There are two things worth pointing out about this process. First, there’s often a learning curve because it can take a while to figure out prompt engineering well enough to get a compelling image. Second, there’s a hearty dose of serendipity. Often the resulting image will not be quite what the designer had in mind, but it’ll be different in new and productive ways, pushing the artist along fresh trajectories that might never have occurred to them otherwise.

Generative AI in Discovering New Materials

To quote one of America’s most renowned philosophers (Madonna), we’re living in a material world. Humans have been augmenting their surroundings since we first started chipping flint axes back in the Stone Age; today, the field of materials science continues the long tradition of finding new stuff that expands our capabilities and makes our lives better.

This can take the form of something (relatively) simple like researching a better steel alloy, or something incredibly novel like designing a programmable nanomaterial.

There’s just one issue: it’s really, really difficult to do this. It takes a great deal of time, energy, and effort to even identify plausible new materials, to say nothing of the extensive testing and experimenting that must then follow.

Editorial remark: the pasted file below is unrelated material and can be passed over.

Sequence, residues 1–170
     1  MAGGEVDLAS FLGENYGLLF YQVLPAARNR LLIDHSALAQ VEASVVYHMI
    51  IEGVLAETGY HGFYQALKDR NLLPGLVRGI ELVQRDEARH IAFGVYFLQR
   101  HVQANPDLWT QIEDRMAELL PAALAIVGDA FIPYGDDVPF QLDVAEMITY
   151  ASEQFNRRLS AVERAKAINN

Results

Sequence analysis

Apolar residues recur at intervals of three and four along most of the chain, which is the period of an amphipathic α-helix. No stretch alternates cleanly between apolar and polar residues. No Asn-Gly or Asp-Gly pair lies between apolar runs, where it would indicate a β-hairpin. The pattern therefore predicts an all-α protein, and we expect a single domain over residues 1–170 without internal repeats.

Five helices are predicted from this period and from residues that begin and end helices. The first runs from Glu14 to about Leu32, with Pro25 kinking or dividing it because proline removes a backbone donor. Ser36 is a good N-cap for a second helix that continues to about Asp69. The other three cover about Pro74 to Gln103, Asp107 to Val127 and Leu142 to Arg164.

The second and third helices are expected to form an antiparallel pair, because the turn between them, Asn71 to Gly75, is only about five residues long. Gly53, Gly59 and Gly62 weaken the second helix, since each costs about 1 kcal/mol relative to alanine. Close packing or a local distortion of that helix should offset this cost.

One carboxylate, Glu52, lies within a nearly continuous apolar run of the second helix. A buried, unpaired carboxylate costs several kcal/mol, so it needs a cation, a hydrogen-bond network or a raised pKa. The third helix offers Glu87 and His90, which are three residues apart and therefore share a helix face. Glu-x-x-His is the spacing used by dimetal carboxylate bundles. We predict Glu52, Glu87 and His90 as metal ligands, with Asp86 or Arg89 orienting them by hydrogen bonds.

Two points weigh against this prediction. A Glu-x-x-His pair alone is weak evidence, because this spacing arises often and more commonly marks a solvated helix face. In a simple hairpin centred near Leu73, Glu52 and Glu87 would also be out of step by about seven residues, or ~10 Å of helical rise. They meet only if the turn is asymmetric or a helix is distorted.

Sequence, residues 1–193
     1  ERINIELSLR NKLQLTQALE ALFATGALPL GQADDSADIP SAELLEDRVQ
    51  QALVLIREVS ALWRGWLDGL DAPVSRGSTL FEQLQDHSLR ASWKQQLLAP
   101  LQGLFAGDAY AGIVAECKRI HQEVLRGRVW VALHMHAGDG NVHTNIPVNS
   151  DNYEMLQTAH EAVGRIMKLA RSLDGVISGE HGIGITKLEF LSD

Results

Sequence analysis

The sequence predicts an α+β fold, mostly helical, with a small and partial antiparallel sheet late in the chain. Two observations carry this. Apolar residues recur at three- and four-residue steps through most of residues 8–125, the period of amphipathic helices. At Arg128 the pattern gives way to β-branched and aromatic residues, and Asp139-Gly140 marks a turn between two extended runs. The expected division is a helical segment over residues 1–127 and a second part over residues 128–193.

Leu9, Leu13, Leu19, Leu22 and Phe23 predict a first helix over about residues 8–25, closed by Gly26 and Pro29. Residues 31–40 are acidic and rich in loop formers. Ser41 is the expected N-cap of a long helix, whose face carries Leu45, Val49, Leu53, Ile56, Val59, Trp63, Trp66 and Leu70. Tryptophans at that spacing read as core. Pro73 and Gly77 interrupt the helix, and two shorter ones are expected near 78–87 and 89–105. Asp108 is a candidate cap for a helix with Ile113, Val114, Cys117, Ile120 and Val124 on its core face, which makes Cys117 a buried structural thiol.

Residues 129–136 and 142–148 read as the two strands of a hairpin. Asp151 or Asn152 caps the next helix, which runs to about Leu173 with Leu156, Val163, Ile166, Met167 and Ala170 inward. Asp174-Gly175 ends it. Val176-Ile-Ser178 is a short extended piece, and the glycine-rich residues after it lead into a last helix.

Materials scientists have been using machine learning (ML) in their process for some time, but the recent boom in generative AI is driving renewed interest. There are now a number of projects aimed at e.g. using variational autoencoders, recurrent neural networks, and generative adversarial networks to learn a mapping between information about a material’s underlying structure and its final properties, then using this information to create plausible new materials.

It would be hard to overstate how important the use of generative AI in materials science could be. If you imagine the space of possible molecules as being like its own universe, we’ve explored basically none of it. What new fabrics, medicines, fuels, fertilizers, conductors, insulators, and chemicals are waiting out there? With generative AI, we’ve got a better chance than ever of finding out.

Generative AI in Gaming